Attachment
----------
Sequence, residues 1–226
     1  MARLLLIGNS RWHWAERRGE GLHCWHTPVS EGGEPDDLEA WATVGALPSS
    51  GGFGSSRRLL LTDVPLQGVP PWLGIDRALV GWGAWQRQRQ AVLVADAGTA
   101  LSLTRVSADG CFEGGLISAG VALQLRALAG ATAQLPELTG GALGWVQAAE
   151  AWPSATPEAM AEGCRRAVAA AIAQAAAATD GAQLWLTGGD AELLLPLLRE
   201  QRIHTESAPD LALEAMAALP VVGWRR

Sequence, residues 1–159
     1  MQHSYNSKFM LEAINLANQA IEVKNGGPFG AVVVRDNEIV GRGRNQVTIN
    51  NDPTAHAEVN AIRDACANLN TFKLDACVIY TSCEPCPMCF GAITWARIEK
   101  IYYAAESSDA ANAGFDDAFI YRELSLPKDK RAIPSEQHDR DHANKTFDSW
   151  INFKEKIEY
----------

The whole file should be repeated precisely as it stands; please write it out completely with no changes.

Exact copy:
Sequence, residues 1–226
     1  MARLLLIGNS RWHWAERRGE GLHCWHTPVS EGGEPDDLEA WATVGALPSS
    51  GGFGSSRRLL LTDVPLQGVP PWLGIDRALV GWGAWQRQRQ AVLVADAGTA
   101  LSLTRVSADG CFEGGLISAG VALQLRALAG ATAQLPELTG GALGWVQAAE
   151  AWPSATPEAM AEGCRRAVAA AIAQAAAATD GAQLWLTGGD AELLLPLLRE
   201  QRIHTESAPD LALEAMAALP VVGWRR

Sequence, residues 1–159
     1  MQHSYNSKFM LEAINLANQA IEVKNGGPFG AVVVRDNEIV GRGRNQVTIN
    51  NDPTAHAEVN AIRDACANLN TFKLDACVIY TSCEPCPMCF GAITWARIEK
   101  IYYAAESSDA ANAGFDDAFI YRELSLPKDK RAIPSEQHDR DHANKTFDSW
   151  INFKEKIEY